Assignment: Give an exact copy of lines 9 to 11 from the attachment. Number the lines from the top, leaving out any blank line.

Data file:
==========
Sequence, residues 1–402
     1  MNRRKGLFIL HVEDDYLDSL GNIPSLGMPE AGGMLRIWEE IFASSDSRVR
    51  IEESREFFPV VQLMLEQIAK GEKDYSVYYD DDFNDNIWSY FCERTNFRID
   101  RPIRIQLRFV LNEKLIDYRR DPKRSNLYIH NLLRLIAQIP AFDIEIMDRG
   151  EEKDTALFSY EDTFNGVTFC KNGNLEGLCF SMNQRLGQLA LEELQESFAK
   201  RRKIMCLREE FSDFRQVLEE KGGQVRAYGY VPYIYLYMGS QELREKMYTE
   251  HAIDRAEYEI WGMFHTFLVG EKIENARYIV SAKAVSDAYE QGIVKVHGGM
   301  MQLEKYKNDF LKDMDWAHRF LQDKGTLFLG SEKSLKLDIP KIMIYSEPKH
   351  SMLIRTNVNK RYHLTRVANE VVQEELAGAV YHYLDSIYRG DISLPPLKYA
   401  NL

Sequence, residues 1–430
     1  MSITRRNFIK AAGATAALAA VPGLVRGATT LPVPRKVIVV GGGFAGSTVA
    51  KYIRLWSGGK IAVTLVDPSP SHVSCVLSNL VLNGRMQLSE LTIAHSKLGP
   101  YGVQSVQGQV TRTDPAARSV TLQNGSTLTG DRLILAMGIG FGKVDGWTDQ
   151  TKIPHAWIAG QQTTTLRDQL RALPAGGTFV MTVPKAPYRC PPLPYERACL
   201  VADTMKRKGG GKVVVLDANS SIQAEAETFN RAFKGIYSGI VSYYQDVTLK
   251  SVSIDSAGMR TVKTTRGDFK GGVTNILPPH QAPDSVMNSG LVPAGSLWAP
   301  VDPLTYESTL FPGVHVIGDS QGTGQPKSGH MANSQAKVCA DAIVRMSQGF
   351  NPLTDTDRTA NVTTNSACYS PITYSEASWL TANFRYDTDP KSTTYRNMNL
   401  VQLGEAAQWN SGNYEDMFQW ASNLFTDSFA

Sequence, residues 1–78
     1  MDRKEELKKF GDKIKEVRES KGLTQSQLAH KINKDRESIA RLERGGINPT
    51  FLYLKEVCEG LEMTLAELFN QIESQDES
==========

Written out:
   351  SMLIRTNVNK RYHLTRVANE VVQEELAGAV YHYLDSIYRG DISLPPLKYA
   401  NL

Sequence, residues 1–430